New Reserve Bank Governor Graeme Wheeler has ruffled some feathers. Good.
Mr Wheeler's job is not to pander to politicians preaching economic gobbledygook. It is to provide a stable environment in which businesses and individuals can invest with confidence.
The way for him to do that, as he outlined in his first speech as governor, is to control what is in his power to control – inflation. Making him responsible for employment and the value of the dollar will not make a jot of difference to either in the long term.
The high exchange rate – which has attracted the attention of the Greens and Labour – is not a consequence of bank policy but of the global financial crisis and the failings of successive governments. The kiwi has risen against the United States dollar, the euro and the British pound, because the value of those currencies has fallen as the US, European and British economies have weakened.
The New Zealand dollar is traditionally over-valued because we do not save enough and our governments spend too much. Overseas borrowing pushes up demand for the dollar.
Printing more money, as Green Party co-leader Russel Norman advocates, will not solve either problem. Nor will broadening the bank's targets as Labour proposes. There is nothing the Government or the bank can do to strengthen the US and European economies, but if the Greens and Labour are serious about assisting exporters there are several things that can be done to bring down the value of the dollar.
Top among them is reining in government expenditure. New Zealand cannot have its cake and eat it too.
If the country continues to spend money before it has earned it, it will continue to be vulnerable to fluctuations in international markets.
In the US and Europe, where the Greens and Labour are looking for inspiration, central banks have gone into the money-printing business. But, as Mr Wheeler notes, doing so is an act of desperation by banks which do not have the luxury of being able to cut interest rates to promote economic activity.
The Reserve Bank still has that option. Further, as Mr Wheeler notes, there is little evidence of "quantitative easing" having any appreciable impact in the US, Europe or Japan.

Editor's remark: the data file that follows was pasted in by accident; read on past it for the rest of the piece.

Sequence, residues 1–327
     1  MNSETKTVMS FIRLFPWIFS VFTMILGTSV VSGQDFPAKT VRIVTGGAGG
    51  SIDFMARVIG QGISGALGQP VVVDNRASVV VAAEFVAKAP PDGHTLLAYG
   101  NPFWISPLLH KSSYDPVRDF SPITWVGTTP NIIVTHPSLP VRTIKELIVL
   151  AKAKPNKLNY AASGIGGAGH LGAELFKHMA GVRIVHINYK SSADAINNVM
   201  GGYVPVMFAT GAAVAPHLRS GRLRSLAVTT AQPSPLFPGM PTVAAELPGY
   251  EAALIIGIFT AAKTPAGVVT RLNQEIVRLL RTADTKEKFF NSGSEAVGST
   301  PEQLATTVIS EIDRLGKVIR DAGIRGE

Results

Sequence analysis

New Zealand is in the fortunate position of having weathered the global crisis better than most nations, thanks to the strength of the Chinese and Australian economies and the surpluses banked during the economic boom in the early-to-mid 2000s. Desperate measures are not required.
However, the economy would be immeasurably strengthened if politicians had the courage to grasp the nettle. The choice for Mr Norman, Labour and all politicians is simple. They can advocate policies which will equip New Zealand for the future or they can curry favour with voters by pretending superannuation for all at age 65, interest-free student loans and middle class welfare are affordable.
They can't do both. The Greens and Labour should stop pretending the bank can magically make things better with the wave of a wand and advocate for policies that will put the economy on a sounder footing.
IN PRAISE OF ... HOMELAND
Damian Lewis, star hit television drama Homeland, sat next to Barack Obama at a recent state dinner, the US president made a confession.
"While Michelle and the two girls play tennis on Saturday afternoons, I go in the Oval Office, pretend I'm going to work, and then switch on Homeland." The president is not in finding the taut drama compulsive viewing.
Lewis is compelling as Nicholas Brody, a marine sergeant who has returned to the US bearing a dark secret after eight years as a captive of al Qaeda. Claire Danes, his co-star, is extraordinary as Carrie Mathison, an obsessive CIA agent, who tiptoes a fine line between sanity and insanity as she tries to reconcile her attraction to him with her conviction that he has become a terrorist.
Emotions flit across her face like squalls across sea. The plot is fantastic – in the old-fashioned sense of the word.
Viewers are called upon to suspend more than the usual quotient of disbelief. How could a congressman and potential vice-presidential candidate disappear for entire days without anyone but his wife noticing?
But the acting is riveting and the tension – whether it is a chase through the crowded streets of Beirut or a showdown in a CIA dungeon – heart-stopping. In fact, the less the action, the more viewers see happening beneath the surface.
- The Dominion Post